Facebook and Google launch first strikes against fake news
A week ago, polls were opening in the United States, and it looked extremely likely that Hillary Clinton would beat Donald Trump to be the next president of the United States. We all know what happened next, and the defeated party turned to recriminations blaming everything from the creaking electoral college system to Hillary Clinton’s ongoing email problem.
But there was another factor at play here: in an election in which fact-checkers should all have received some kind of medal for their sterling work in calling out the lies, they were persistently dismissed as partisan troublemakers trying to rig the system. And it didn’t take long for people for people to take a critical look at Facebook and the way in which fake news could ricochet around the partisan echo chambers the site creates. At the same time pre-election, I wrote last week that (British, admittedly) adults have an over-reliance on search engines for topics that typically aren’t black-and-white enough for a quick crib-notes search-engine overview.
It looks like Google and Facebook are both taking action against their problems, which is too little too late for Hillary Clinton, but something that should be cheered in the long run. Especially when Facebook CEO Mark Zuckerberg’s initial reaction was to call the idea that his site’s nonsense conductivity tilted the election “a pretty crazy idea”.
Whether or not he believes that in his heart of hearts, Facebook has taken action. It’s a small thing, but possibly signs of a bigger reaction to come: the Facebook Audience Network Policy has been updated to disallow fake news sites from using the ad platform. It already blocked “misleading or illegal content”.
“We have updated the policy to explicitly clarify that this applies to fake news,” a Facebook spokesperson said in a statement. “Our team will continue to closely vet all prospective publishers and monitor existing ones to ensure compliance.”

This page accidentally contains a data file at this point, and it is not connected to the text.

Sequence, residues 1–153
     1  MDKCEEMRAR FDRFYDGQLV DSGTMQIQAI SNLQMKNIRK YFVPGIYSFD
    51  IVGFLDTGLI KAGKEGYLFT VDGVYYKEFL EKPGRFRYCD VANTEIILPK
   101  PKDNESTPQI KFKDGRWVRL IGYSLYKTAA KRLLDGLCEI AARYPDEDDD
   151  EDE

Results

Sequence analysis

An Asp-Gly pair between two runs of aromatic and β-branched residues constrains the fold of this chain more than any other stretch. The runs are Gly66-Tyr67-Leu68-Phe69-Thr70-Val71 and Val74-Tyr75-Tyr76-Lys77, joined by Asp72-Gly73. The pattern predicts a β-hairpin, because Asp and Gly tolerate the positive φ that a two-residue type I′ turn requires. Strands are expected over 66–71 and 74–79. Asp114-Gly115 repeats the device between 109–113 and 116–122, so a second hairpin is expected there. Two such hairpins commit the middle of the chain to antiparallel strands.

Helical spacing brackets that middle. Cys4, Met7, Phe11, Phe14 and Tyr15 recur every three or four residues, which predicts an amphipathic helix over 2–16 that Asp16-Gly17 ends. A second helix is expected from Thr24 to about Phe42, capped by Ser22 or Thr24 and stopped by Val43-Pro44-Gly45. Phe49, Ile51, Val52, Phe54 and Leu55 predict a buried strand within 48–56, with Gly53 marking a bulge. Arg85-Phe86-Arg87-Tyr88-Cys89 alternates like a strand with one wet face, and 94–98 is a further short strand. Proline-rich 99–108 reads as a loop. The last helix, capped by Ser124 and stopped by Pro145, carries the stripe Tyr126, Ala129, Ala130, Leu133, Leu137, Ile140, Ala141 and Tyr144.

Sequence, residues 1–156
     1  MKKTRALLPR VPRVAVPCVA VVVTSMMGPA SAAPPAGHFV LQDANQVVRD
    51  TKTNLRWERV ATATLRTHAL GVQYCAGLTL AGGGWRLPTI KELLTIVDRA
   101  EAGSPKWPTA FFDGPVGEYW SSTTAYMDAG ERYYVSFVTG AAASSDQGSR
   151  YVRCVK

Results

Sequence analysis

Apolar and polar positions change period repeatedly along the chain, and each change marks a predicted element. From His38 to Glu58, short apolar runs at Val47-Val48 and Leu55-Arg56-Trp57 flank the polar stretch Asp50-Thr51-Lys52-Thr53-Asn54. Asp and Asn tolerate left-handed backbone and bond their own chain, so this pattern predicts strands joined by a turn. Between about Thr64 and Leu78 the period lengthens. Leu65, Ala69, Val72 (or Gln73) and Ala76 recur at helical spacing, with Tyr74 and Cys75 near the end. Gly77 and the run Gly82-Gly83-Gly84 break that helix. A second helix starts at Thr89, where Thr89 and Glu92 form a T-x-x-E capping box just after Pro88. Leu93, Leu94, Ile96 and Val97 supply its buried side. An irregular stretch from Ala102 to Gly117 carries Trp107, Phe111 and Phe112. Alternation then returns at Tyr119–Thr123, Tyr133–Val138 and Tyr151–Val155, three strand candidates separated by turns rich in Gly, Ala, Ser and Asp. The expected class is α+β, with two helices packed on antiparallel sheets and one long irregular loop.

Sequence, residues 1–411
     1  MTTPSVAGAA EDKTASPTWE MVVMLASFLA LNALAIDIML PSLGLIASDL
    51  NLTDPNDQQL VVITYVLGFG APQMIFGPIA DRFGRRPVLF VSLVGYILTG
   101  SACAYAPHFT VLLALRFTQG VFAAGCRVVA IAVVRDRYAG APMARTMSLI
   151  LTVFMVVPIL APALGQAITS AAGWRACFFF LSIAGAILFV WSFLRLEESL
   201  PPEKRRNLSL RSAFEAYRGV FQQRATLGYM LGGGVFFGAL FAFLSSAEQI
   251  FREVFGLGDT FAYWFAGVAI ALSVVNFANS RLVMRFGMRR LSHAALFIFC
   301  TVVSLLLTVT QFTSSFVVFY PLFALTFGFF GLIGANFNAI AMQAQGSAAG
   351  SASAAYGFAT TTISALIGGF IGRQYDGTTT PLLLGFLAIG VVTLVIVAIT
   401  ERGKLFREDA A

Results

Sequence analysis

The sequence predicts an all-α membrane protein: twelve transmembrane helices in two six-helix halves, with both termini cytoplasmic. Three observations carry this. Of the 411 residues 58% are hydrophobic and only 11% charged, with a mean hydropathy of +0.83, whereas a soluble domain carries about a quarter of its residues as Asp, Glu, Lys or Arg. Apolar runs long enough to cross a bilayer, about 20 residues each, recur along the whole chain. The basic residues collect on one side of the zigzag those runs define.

Hours before this, Google had also stepped up to the challenge. While less in the firing line than Facebook, the search engine had come under fire after Mediaite spotted a WordPress site right at the top of a search for “Final Vote Count 2016” in which – you guessed it – a partisan site was giving inaccurate information about the popular vote:
In fact, Clinton is still on target to win the popular vote by a decent margin (just under a million as things stand) and this site that Google drew attention to was plain wrong.
“The goal of search is to provide the most relevant and useful results for our users,” said Andrea Faville from Google in a statement. “In this case, we clearly didn’t get it right, but we are continually working to improve our algorithms.”
Google’s first answer to the problem wouldn’t stop a dubiously sourced WordPress site from appearing in the news (although you can bet the company is tweaking its algorithms behind the scenes after the uncomfortable scrutiny), but shows a willingness to crack down on fake news sites in a different way: through their income. Google has now banned fake news sites from using their advertising platform. That’s a big deal, potentially: a BuzzFeed investigation previously found 100 pro-Trump fake news websites getting rich on a combination of Google AdSense money and Facebook shares operating from a single town in Macedonia.
“Moving forward, we will restrict ad serving on pages that misrepresent, misstate or conceal information about the publisher, the publisher’s content or the primary purpose of the web property,” Faville explained.
Elsewhere, an – ironically Facebook-sponsored – hackathon has come up with a Chrome plugin that would highlight verified and unverified news by algorithmically fact-checking on the fly. The FiB plugin works like this:
“It classifies every post, be it pictures (Twitter snapshots), adult content pictures, fake links, malware links, fake news links as verified or non-verified using artificial intelligence.
“For links, we take into account the website’s reputation, also query it against malware and phishing websites database and also take the content, search it on Google/Bing, retrieve searches with high confidence and summarise that link and show to the user. For pictures like Twitter snapshots, we convert the image to text, use the usernames mentioned in the tweet, to get all tweets of the user and check if current tweet was ever posted by the user.” Then it adds a verified or not verified sticker to posts. Like this:
All very clever, but my problem with all these solutions is this: if you’re the kind of person that genuinely believes Hillary Clinton has had people killed and that the rich and powerful are rigging elections against you, then why would you trust the intentions of mega-rich companies such as Facebook and Google?
There are some problems that algorithms can’t solve, no matter how smart.